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Ron Bass, J.D., AICP, Senior Regulatory Specialist Jones & Stokes PowerPoint Presentation
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Ron Bass, J.D., AICP, Senior Regulatory Specialist Jones & Stokes

Ron Bass, J.D., AICP, Senior Regulatory Specialist Jones & Stokes

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Ron Bass, J.D., AICP, Senior Regulatory Specialist Jones & Stokes

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  1. Oregon Department of Transportation Common NEPA Mistakes and How to Avoid Them January 17, 2008 • Ron Bass, J.D., AICP, • Senior Regulatory Specialist • Jones & Stokes

  2. Workshop Objectives • Review some of the most common mistakes that federal agencies make in implementing NEPA • Discuss how federal agencies can avoid such mistakes • Review how the courts have interpreted NEPA relating to these areas of practice

  3. Common NEPA MistakesForgetting NEPA’s Fundamental Purpose Why NEPA was necessary NEPA’s objectives NEPA’s policy language How NEPA differs from other laws

  4. Why Was NEPA Necessary? Environmental factors rarely considered Little public notification about projects Public comments fell on deaf ears No interagency coordination Decisions made "behind closed doors" with no explanations Limited opportunity for judicial enforcement

  5. NEPA’s Objectives • Provides agencies with supplemental legal authority to address environmental issues • Introduces procedural reforms • Requires disclosure of environmental information • Leads to resolution of environmental problems • Fosters intergovernmental coordination and cooperation • Enhances public participation in government planning and decision making

  6. NEPA’s Statutory Purposes • Declare national policy encouraging productive, enjoyable harmony between people and environment • Promote efforts that prevent, eliminate damage to environment and biosphere and stimulate health, welfare • Enrich understanding of ecological system, important natural resources • Establish CEQ 42 U.S.C. 4341

  7. NEPA Section 101:Congressional Declaration of National Environmental Policy • fulfill the responsibilities of each generation as trustee of the environment for succeeding generations; • assure for all Americans safe, healthful, productive, and aesthetically and culturally pleasing surroundings; • attain the widest range of beneficial uses of the environment without degradation, risk to health or safety, or other undesirable and unintended consequences; • preserve important historic, cultural, and natural aspects of our national heritage, and maintain, wherever possible, an environment which supports diversity, and variety of individual choice; • achieve a balance between population and resource use which will permit high standards of living and a wide sharing of life's amenities; and • enhance the quality of renewable resources and approach the maximum attainable recycling of depletable resources.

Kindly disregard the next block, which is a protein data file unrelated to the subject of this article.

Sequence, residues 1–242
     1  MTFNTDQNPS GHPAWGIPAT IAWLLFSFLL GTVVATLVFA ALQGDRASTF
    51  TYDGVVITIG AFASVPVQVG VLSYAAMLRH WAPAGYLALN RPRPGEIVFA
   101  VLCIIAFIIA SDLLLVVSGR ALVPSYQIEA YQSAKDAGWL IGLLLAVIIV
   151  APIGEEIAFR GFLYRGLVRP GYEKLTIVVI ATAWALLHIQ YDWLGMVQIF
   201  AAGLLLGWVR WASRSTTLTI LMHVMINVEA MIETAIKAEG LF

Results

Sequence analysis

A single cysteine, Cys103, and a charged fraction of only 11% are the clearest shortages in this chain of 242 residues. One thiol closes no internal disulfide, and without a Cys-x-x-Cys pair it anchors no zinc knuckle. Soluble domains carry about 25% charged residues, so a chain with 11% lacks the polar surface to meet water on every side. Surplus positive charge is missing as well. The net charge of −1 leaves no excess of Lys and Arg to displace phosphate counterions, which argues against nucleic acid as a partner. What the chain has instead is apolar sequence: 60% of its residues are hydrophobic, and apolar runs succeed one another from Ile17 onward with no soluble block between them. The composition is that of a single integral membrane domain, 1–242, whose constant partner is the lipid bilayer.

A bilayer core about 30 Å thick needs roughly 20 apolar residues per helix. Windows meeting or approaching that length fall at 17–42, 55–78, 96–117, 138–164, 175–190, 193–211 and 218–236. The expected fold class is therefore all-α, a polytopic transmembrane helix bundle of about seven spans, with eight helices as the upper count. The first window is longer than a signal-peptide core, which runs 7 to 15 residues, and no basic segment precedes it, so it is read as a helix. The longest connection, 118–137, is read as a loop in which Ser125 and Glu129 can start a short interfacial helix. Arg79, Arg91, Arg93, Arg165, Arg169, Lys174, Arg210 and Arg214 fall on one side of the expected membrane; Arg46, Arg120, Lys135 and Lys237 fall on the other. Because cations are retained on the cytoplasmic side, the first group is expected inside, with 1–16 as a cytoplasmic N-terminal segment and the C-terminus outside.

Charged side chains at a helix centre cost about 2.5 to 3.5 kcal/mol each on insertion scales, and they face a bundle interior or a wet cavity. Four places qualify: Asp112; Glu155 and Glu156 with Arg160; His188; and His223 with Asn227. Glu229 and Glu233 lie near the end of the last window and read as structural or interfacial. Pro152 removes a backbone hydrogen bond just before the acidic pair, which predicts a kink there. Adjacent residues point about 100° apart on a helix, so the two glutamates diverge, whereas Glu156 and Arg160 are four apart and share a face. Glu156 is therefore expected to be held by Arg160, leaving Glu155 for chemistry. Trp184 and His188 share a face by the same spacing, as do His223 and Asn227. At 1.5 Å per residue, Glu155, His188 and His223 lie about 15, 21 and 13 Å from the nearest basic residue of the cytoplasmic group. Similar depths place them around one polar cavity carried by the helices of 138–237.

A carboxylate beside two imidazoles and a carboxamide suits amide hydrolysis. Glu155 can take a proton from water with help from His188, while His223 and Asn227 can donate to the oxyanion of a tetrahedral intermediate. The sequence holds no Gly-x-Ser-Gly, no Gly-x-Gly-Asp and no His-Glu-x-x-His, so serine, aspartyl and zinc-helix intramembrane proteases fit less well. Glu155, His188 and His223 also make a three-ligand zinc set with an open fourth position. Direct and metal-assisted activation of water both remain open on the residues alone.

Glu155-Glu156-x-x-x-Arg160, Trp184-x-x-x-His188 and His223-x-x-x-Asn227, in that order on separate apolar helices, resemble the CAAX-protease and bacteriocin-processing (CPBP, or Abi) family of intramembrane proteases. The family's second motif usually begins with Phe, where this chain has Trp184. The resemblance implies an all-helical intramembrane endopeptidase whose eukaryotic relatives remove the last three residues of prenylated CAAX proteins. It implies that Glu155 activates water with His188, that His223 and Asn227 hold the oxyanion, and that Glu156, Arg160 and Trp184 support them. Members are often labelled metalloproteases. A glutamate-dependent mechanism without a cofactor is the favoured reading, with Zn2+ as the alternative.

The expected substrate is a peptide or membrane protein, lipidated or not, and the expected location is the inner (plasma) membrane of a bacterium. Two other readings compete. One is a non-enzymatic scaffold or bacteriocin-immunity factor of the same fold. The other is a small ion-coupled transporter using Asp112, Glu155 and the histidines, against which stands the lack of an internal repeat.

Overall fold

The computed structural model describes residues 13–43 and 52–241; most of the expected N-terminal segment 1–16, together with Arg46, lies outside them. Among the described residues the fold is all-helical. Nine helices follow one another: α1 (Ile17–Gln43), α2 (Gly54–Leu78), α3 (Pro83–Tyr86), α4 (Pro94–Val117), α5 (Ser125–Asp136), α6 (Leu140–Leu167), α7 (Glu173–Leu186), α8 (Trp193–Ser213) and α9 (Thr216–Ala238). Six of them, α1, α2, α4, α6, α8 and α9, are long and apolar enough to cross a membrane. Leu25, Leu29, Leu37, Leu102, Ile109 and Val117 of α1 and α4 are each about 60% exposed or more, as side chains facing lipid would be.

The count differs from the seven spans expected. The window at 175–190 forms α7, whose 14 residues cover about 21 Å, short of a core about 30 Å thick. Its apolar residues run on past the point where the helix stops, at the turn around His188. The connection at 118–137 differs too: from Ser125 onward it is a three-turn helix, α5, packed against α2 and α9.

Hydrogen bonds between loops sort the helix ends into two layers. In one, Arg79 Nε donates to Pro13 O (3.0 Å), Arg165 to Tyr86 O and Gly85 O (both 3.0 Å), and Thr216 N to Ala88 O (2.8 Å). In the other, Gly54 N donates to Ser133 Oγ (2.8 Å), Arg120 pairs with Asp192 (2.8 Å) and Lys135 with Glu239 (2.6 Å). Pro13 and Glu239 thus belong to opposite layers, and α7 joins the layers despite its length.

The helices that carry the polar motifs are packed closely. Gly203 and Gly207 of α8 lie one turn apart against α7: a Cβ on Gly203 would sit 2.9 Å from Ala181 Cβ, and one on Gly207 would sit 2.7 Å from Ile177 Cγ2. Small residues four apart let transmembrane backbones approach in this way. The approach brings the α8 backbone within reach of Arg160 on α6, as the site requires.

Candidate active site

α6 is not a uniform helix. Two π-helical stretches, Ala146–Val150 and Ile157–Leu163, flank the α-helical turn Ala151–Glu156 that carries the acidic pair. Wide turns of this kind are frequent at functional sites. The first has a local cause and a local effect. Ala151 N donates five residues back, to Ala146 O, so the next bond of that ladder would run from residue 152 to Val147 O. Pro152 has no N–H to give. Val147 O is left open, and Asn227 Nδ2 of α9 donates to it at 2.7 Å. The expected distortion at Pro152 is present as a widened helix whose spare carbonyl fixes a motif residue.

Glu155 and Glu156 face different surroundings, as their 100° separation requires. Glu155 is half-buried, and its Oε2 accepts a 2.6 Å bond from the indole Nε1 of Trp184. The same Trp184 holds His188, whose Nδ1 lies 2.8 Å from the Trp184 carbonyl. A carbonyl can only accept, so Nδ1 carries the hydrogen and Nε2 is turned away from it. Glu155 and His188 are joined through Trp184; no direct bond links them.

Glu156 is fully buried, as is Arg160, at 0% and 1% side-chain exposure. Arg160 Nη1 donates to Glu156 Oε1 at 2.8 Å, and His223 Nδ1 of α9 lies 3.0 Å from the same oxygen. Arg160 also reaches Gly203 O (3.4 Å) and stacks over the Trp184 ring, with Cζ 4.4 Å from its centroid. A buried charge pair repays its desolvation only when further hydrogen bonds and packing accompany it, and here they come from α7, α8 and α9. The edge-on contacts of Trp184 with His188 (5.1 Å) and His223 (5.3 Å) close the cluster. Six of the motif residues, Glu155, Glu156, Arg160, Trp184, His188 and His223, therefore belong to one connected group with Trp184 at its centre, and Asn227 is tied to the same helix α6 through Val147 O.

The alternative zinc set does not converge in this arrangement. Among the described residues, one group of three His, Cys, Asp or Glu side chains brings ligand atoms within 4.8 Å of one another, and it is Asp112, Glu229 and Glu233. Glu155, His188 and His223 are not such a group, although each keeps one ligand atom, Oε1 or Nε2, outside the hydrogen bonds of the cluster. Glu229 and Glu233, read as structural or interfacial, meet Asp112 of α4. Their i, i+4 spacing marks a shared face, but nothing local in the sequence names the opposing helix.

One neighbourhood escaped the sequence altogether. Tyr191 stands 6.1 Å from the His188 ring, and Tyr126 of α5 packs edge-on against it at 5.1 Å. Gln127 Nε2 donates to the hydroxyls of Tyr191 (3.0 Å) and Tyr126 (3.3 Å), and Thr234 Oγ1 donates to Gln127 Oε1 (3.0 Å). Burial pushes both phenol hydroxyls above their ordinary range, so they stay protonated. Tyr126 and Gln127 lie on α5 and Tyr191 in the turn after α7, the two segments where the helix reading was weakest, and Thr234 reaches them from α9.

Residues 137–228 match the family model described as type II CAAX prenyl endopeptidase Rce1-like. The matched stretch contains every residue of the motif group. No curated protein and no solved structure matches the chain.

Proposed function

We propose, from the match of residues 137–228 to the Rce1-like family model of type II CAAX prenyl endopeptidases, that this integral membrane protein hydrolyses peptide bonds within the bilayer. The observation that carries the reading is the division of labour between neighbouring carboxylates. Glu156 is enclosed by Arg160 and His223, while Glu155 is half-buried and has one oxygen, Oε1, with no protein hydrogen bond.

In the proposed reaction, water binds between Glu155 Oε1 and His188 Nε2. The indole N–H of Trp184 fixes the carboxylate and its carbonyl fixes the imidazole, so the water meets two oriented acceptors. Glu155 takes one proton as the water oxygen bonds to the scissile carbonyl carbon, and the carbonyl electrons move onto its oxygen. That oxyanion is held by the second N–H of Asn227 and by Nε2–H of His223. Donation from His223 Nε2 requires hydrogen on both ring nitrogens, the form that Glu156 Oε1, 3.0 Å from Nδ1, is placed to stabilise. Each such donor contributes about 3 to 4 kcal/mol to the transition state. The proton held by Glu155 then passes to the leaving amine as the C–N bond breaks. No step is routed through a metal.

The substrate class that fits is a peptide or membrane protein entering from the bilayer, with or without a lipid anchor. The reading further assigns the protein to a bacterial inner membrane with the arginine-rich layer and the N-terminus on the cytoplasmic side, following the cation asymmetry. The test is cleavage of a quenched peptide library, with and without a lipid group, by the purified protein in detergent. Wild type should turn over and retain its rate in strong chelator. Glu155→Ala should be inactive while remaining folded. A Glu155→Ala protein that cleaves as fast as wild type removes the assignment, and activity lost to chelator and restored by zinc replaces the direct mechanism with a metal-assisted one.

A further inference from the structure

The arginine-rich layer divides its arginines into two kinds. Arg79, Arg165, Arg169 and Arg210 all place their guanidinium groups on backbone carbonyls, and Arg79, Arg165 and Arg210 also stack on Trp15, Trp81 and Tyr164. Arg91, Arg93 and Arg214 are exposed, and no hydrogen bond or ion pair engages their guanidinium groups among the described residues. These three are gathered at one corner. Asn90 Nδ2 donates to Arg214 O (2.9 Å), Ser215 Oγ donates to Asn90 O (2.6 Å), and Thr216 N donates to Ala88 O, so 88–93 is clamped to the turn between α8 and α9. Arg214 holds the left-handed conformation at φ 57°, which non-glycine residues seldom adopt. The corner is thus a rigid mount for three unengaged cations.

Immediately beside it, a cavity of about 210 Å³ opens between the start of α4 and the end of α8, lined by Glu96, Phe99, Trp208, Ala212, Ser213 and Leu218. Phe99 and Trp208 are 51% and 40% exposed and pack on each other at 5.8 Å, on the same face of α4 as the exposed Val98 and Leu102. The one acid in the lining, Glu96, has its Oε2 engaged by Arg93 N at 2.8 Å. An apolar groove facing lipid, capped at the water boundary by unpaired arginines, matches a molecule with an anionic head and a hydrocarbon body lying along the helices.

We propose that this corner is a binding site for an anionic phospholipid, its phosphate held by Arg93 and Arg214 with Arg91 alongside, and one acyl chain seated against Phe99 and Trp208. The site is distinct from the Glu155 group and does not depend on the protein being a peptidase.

8. NEPA Section 102: Requirement to prepare an “EIS” • All agencies of the federal government shall Include in every recommendation or report on proposals for legislation and other major Federal actions significantly affecting the quality of the human environment, a detailed statement by the responsible official on • (i) the environmental impact of the proposed action, • (ii) any adverse environmental effects which cannot be avoided should the proposal be implemented, • (iii) alternatives to the proposed action, • (iv) the relationship between local short-term uses of man's environment and the maintenance and enhancement of long-term productivity, and • (v) any irreversible and irretrievable commitments of resources which would be involved in the proposed action should it be implemented.

  9. How Is NEPA Different fromOther Environmental Laws? • Interdisciplinary • Emphasizes disclosure of information • Assumes that good information will lead to better decisions • Limited substantive effect; does not mandate a specific result • Requires coordination with other laws

  10. Common NEPA MistakesMisunderstanding the Roles that Agencies Play in the NEPA Process • Also “Participating • Agencies” under • (SAFETEA-LU)

  11. Lead Agency • Definition • The agency with primary responsibility for complying with the environmental document under NEPA • Factors to consider • Magnitude of involvement • Approval/disapproval authority over proposed action • Expertise with regard to environmental effects • Duration of involvement • Sequence of involvement

  12. Cooperating Agency • Federal agency with “jurisdiction by law” • Federal agency with “special expertise” • State or local agencies with either of the above • Native American Tribes

  13. Common NEPA MistakesFailure to Understand and Adhere to NEPA’s Procedural Process

  14. Three Phases of NEPA • Phase 1: Determine whether NEPA applies to proposed action • Is the proposal for an action? • Is the proposed action federal? • Has Congress exempted action from NEPA? • Does categorical exclusion apply? • Phase 2: Prepare EA and determine whether EIS is required • Will proposed action have effect on quality of the human environment? • Are effects significant? • Phase 3: Prepare EIS or FONSI

  15. Common NEPA MistakesImproperly Defining the “Proposed Action” “Segmenting” a proposed action into parts to avoid or minimize NEPA review and evaluation Failure to account for “related,” and “connected” actions